Santelli on Debt and Economic Growth


CNBC host Rick Santelli discussed the heavily publicized error made by Harvard economists Carmen Reinhart and Kenneth Rogoff in their research paper Monday on “The Santelli Exchange.”

Critics are using the calculation error to distort correlations between public debt and growth rates while discounting public policy that advocates spending cuts, Santelli said:

RICK SANTELLI: […] You know, I really find it very important that we handicap how we’re looking towards the ECB meeting. Our own Fed meeting, I don’t really believe there’s much doubt. I think — it seems to me ever since the Reinhart Rogoff paper was dissed. And believe me there were obviously some issues there. But I do think it’s been a stellar drop from grace as to what debt may mean and the notion of austerity being very much not very helpful. I will continue to say that I think that the generalized theme of that research paper is, is that whatever your growth rate is, especially when you look at it over a 5- 10-15-20-year horizon, if you have higher debt you underperform whatever that benchmark is. Pure and simple. We can argue about sampling, countries that are tiny and some of the errors that were made. But there seems to be very little doubt the more debt you have you’re going to underperform. It’s just a matter of how much. […]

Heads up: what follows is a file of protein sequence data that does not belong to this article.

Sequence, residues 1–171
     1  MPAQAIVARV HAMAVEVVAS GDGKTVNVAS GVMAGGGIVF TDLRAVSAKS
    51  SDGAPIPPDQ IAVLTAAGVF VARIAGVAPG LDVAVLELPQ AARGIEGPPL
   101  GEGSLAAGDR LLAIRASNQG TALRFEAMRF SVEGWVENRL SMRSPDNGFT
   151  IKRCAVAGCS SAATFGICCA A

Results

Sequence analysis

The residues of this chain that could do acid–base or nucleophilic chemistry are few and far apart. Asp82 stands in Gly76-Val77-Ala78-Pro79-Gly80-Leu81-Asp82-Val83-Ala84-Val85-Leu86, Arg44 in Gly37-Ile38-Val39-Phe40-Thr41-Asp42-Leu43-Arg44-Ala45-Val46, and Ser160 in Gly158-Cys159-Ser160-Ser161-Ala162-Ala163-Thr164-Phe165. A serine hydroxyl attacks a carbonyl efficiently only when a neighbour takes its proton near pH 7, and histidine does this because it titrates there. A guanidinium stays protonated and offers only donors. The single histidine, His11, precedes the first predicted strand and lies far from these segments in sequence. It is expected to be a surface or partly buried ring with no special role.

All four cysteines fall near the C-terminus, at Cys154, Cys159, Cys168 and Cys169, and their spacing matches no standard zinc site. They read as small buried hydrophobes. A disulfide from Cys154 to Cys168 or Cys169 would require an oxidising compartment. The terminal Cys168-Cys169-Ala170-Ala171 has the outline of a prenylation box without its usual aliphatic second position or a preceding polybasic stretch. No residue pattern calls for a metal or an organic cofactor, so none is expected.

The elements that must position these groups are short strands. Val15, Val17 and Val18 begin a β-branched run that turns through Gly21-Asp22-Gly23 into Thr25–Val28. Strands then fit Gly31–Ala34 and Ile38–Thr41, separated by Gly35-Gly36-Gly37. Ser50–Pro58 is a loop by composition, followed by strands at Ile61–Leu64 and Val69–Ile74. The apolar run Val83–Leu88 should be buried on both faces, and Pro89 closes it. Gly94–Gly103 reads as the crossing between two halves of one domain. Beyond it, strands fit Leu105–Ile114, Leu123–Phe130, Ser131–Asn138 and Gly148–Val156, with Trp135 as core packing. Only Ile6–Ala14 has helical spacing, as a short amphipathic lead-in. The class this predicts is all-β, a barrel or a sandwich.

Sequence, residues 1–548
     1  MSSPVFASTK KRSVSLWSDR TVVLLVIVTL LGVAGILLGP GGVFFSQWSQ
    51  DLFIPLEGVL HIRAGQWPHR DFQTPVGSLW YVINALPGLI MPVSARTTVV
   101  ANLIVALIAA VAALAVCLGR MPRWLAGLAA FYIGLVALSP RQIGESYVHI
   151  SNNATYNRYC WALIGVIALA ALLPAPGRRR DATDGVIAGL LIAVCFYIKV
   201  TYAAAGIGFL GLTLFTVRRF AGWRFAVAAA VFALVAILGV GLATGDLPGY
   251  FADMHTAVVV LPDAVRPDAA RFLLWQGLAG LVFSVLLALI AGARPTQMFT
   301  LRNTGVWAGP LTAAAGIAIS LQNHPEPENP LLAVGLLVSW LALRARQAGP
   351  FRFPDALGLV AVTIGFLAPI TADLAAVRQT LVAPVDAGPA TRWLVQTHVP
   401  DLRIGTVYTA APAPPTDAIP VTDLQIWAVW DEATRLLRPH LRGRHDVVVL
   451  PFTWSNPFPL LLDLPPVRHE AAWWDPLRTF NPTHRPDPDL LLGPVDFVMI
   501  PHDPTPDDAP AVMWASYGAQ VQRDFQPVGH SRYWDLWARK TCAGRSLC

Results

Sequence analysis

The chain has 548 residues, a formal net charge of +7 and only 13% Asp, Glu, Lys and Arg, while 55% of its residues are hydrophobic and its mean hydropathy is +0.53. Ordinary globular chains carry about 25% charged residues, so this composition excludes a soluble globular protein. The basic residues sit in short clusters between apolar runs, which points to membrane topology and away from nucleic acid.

Previously, Reinhart and Rogoff’s research indicated when public debt reaches of 90 percent of GDP, the average economic growth rate for advanced economies is -0.1 percent.

Revised estimates put the average growth rate for countries with debt over 90 percent of GDP at 2.2 percent.

As Andrew Ferguson of The Weekly Standard points out, the upward shift to 2.2 percent still evidences a negative correlation between debt and growth:  

Countries with up to 30 percent debt-to-GDP ratio, according to [Herndon Ash and Pollin (HAP) revisions to Rogoff and Reinhart], average 4.2 percent growth; growth falls to 3.1 percent at a 60 percent ratio. Growth increases to 3.2 percent as the ratio reaches 90 percent. After 90 percent, growth averages 2.2 percent.

In other words, by the time a debt ratio rises above 90 percent of GDP, growth will be cut roughly in half—according to HAP’s own calculations. High debt-GDP ratios, once they take hold in a country, tend to last for 15 years or more. An annual loss of 2 percentage points in growth over such a sustained period really starts to add up: A country will be significantly poorer than if it had kept debt under control.

The United States currently has 2.5 percent GDP and a debt to GDP ratio of 101.6 percent.